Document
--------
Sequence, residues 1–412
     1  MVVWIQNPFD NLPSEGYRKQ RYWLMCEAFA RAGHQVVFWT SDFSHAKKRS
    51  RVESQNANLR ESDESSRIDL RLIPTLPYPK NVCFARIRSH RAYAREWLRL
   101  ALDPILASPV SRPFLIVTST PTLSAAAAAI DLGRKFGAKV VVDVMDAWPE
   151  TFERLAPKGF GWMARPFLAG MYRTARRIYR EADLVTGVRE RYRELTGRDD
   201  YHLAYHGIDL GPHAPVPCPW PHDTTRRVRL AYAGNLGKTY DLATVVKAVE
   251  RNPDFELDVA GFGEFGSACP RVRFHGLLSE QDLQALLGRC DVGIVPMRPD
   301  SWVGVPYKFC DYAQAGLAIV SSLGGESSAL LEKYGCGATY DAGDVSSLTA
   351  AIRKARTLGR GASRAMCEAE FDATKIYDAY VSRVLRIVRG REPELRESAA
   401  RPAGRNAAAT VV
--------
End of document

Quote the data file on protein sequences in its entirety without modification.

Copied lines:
Sequence, residues 1–412
     1  MVVWIQNPFD NLPSEGYRKQ RYWLMCEAFA RAGHQVVFWT SDFSHAKKRS
    51  RVESQNANLR ESDESSRIDL RLIPTLPYPK NVCFARIRSH RAYAREWLRL
   101  ALDPILASPV SRPFLIVTST PTLSAAAAAI DLGRKFGAKV VVDVMDAWPE
   151  TFERLAPKGF GWMARPFLAG MYRTARRIYR EADLVTGVRE RYRELTGRDD
   201  YHLAYHGIDL GPHAPVPCPW PHDTTRRVRL AYAGNLGKTY DLATVVKAVE
   251  RNPDFELDVA GFGEFGSACP RVRFHGLLSE QDLQALLGRC DVGIVPMRPD
   301  SWVGVPYKFC DYAQAGLAIV SSLGGESSAL LEKYGCGATY DAGDVSSLTA
   351  AIRKARTLGR GASRAMCEAE FDATKIYDAY VSRVLRIVRG REPELRESAA
   401  RPAGRNAAAT VV